#9

Yes, that would absolutely work. However, it has been tried and proven that Repeat Forever blocks are less laggier than Rules.


#10

When did I say repeat forever?


#11

@Madi_Hopscotch_, can you try making a while loop using If Pressed?


#12

You said Rules, though. They’re the purple block.


#13

That’s different. Yes, you can create a loop using purple Whens. But those can’t be embedded within other sequences of code.


#14

Actually, they can. You’ll just need to set/increase the (self) loop = number.
This way, you can even choose the loop you would like to use!


#15

Precisely. This is the method I use.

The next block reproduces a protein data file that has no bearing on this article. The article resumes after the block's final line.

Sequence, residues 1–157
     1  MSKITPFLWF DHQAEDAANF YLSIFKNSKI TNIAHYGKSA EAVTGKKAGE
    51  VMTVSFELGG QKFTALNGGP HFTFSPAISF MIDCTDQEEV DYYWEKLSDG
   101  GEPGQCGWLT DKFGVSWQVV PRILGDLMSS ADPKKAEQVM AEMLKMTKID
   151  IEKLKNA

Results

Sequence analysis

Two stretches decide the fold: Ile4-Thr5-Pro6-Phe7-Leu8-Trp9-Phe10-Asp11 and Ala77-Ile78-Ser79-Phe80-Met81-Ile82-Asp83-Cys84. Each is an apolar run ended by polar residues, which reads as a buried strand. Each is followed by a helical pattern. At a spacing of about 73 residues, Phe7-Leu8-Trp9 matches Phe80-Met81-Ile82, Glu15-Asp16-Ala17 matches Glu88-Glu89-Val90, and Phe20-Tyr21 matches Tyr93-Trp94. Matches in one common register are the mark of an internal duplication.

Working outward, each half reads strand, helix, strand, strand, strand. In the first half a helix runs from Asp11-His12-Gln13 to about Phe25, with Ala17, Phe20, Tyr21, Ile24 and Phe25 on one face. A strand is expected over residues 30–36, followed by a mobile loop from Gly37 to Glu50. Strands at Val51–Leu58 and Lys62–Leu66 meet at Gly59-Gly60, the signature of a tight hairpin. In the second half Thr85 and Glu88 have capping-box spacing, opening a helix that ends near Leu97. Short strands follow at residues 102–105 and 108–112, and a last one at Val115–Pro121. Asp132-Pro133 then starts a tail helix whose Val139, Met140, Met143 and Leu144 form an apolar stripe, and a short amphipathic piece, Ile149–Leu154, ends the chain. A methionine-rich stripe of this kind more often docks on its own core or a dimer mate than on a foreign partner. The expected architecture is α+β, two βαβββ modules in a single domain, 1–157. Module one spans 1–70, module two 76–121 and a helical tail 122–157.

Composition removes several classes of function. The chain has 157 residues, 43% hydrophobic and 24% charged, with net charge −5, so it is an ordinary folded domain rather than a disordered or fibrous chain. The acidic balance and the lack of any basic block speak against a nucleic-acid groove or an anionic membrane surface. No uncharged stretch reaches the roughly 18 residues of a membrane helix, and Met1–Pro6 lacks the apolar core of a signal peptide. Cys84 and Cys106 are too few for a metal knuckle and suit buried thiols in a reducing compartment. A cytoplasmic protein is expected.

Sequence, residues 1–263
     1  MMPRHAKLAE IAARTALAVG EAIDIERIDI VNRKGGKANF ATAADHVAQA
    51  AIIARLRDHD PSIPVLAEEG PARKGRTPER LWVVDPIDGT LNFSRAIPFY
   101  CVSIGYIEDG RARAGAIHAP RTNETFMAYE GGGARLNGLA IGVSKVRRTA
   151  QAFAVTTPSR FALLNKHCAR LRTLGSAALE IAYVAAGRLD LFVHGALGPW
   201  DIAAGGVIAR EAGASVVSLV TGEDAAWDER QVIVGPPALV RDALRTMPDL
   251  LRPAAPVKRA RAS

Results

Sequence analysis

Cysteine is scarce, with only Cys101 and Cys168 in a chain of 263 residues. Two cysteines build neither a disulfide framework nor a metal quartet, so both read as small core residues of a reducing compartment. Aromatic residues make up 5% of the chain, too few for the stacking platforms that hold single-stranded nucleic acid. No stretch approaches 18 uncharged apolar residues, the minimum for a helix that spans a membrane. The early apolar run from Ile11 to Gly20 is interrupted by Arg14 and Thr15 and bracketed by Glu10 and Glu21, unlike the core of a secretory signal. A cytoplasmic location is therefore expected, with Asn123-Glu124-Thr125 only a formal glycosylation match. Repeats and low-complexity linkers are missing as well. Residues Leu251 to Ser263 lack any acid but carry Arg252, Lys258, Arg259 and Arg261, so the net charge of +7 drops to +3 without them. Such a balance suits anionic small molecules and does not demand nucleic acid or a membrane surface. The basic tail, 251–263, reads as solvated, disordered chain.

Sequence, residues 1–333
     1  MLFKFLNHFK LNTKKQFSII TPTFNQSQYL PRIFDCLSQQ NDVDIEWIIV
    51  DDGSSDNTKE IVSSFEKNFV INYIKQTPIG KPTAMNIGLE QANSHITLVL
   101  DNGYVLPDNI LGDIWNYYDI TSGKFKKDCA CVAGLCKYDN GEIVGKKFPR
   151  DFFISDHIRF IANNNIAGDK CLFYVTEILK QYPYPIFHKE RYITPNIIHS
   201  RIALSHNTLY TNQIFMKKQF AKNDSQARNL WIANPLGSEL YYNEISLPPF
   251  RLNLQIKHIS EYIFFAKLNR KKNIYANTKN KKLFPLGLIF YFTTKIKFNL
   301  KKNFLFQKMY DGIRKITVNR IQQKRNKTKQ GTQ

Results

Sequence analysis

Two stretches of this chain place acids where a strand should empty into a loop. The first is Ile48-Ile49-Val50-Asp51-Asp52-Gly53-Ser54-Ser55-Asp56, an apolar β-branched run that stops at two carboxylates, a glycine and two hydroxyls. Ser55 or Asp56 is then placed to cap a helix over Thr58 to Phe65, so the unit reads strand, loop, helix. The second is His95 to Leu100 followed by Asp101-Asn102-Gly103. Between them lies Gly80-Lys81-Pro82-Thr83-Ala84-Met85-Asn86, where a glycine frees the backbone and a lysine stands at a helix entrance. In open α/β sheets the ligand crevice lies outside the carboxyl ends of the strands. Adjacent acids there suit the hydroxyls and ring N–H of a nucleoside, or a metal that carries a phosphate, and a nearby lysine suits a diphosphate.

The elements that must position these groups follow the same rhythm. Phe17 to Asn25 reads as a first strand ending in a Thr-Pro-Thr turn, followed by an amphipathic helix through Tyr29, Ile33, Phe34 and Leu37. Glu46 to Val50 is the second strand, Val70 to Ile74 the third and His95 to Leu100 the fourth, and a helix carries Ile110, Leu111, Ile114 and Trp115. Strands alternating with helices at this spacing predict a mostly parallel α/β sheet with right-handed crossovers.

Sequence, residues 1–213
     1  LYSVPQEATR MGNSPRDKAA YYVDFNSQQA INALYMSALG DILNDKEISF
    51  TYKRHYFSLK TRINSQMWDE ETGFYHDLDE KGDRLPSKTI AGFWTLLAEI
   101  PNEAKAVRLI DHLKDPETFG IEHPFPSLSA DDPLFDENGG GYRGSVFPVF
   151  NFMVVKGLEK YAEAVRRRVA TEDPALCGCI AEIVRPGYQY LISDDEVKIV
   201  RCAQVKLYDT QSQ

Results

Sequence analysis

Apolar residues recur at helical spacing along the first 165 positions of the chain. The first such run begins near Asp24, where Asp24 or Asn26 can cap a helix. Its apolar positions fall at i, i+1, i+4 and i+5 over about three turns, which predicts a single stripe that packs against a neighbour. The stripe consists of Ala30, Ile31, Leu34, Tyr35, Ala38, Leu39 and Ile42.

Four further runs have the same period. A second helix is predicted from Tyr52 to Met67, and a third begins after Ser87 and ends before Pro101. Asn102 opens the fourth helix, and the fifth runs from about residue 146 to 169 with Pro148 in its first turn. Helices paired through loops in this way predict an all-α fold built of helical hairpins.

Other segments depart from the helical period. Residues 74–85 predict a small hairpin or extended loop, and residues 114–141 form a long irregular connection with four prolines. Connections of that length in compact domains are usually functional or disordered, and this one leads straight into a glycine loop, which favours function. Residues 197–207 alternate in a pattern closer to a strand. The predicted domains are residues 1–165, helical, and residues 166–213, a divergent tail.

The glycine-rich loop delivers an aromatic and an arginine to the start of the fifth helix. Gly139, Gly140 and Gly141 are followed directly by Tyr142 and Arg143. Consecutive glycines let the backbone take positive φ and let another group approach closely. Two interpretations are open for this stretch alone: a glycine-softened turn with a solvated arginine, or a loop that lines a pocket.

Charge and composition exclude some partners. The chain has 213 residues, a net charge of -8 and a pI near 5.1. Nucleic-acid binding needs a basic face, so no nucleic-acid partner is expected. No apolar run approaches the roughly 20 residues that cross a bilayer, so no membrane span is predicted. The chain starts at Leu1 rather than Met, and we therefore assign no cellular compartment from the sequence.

#16

@Yusamac205, @DECODECO, et al

Here’s a few points to consider. Many Hopscotchers have caught on that a really easy way to exponentially (very quickly) create clones is like this:

However, every Rule (When) we use creates some load on the Player Rule Engine. So the above rule quickly creates clones, but this continues to be evaluated by the Rules Engine every frame during the project (even though it can never again be true). That additional load may or may not be noticeable. It’s up to the programer to decide if it matters for their particular project.

However, let’s say that we do care. How can the same exponential cloning be coded without a When rule that has to be continually evaluated? It can be done with a “Do While” recursion like this:

That’s definitely more complicated, right? But more efficient code frequently means more complex code.